Guarding our Privacy: Cosmetic solutions?
Professor Alan Westin, American professor of law, recognised as the father of modern data privacy law, laid down the basic principles of privacy law decades ago in his books, ‘Privacy and Freedom’ and ‘Databanks in a Free Society’. Westin defined privacy as the “claim of individuals, groups or institutions to determine for themselves when, how and to what extent information about them is communicated to others”.
But the recent report of the Joint Parliamentary Committee (JPC) tends to overlook citizens’ claims while strengthening the case for the government to gain access. The JPC appears to talk less about ‘data protection’ and more about creating a ‘data access’ law, making it easier for the government to access citizen’s data, while laying down stringent restrictions for some private sector companies. The fact that the government can also enable access to citizen’s data to a few chosen private companies, is another aspect that has not been debated at length in the report.
Committee members and MPs Manish Tewari and Jairam Ramesh are some of the members who have pointed out flaws in the Committee’s report. Tewari in a dissenting note asserts that the proposed law creates two parallel universes – one for the government and another for private corporations. This is not only highly unusual but also goes against the very intent of the Constitution.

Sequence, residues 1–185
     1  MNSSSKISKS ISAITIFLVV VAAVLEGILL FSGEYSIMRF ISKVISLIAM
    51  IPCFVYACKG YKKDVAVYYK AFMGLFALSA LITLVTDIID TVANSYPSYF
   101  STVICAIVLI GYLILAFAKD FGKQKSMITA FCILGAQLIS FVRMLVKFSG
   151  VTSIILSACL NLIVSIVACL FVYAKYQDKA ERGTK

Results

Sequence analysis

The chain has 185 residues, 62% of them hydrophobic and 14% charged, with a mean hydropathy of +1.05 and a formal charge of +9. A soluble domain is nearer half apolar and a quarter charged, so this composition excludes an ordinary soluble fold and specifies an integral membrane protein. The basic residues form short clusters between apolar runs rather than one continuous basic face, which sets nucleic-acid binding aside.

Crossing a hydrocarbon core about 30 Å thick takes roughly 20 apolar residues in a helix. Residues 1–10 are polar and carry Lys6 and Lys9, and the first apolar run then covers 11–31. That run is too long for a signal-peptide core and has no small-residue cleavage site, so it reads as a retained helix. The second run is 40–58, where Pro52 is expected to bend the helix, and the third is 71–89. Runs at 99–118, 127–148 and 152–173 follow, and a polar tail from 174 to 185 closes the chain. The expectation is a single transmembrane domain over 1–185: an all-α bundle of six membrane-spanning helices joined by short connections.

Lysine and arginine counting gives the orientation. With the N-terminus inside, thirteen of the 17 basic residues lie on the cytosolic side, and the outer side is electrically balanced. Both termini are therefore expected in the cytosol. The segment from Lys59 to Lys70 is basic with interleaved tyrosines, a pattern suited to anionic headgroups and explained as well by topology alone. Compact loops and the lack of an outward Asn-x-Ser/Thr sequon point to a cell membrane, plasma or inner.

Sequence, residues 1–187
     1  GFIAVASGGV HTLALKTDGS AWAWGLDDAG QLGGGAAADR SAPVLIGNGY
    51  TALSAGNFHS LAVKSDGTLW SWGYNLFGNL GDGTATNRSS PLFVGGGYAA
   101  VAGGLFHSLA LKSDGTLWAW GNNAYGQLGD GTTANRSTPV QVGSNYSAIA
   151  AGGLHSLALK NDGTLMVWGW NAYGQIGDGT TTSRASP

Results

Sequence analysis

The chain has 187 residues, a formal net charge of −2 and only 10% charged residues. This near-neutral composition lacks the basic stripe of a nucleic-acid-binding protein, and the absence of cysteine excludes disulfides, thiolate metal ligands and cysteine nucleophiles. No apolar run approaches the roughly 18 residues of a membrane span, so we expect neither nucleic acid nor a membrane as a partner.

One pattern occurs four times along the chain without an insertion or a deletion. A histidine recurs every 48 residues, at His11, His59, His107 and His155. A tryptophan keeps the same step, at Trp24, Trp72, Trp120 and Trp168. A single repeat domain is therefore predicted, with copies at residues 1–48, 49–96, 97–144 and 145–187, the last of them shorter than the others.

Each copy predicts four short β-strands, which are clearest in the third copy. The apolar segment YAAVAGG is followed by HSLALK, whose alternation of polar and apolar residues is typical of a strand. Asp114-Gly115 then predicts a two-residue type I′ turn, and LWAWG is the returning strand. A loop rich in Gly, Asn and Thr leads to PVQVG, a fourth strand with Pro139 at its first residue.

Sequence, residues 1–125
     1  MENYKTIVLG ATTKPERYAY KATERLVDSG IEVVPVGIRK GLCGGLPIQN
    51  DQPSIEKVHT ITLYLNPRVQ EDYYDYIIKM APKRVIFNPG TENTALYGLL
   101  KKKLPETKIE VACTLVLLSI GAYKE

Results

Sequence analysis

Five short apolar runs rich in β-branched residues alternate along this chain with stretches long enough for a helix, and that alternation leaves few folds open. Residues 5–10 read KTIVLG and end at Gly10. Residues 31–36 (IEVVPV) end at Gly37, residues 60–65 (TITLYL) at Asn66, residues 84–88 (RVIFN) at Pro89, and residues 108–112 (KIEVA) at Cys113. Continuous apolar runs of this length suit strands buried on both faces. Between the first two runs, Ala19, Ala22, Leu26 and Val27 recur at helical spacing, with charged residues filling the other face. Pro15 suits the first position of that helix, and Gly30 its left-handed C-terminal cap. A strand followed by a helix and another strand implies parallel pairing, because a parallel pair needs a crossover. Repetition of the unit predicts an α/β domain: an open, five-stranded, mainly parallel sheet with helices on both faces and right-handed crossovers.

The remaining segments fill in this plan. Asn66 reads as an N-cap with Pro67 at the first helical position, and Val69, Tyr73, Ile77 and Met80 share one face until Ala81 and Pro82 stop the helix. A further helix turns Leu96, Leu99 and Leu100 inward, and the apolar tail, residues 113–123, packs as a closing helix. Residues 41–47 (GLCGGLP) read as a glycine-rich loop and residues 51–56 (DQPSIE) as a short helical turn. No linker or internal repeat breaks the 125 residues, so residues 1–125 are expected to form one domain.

Fundamental rights were enshrined in the Constitution to limit the powers of the government and protect the citizens. By ensuring that the government has special access through exemptions, the proposed law undermines the citizen’s fundamental right to privacy. Clause 35 of the draft Data Protection Bill, 2021 retains the ‘necessary or expedient’ standard for curtailment of civil liberties. This could lead to curtailment of civil liberties on the ground of ‘expedience’ without establishing that the curtailment is ‘necessary and proportional’ to the harm.
The Supreme Court specifically outlawed ‘expedience’ as a standard and mandated ‘necessity’ in the Rangarajan judgement of 1989. Hence, the broad exemptions given to the government to access data under the proposed Clause 35, under the garb of ‘national security’, are problematic. Similarly, Clauses 12 to 14 dilute the need for consent from citizens before accessing their data.
The proposed exemptions also go against the mandate and standards laid down by the Supreme Court in the Puttaswamy judgment. These have come at a time when a Supreme Court-appointed committee is investigating the government’s alleged misuse of a malware called ‘Pegasus’ to spy on journalists and human rights activists, among others. The fundamental right to privacy is meant to be a major protection against illegal and intrusive surveillance by the government.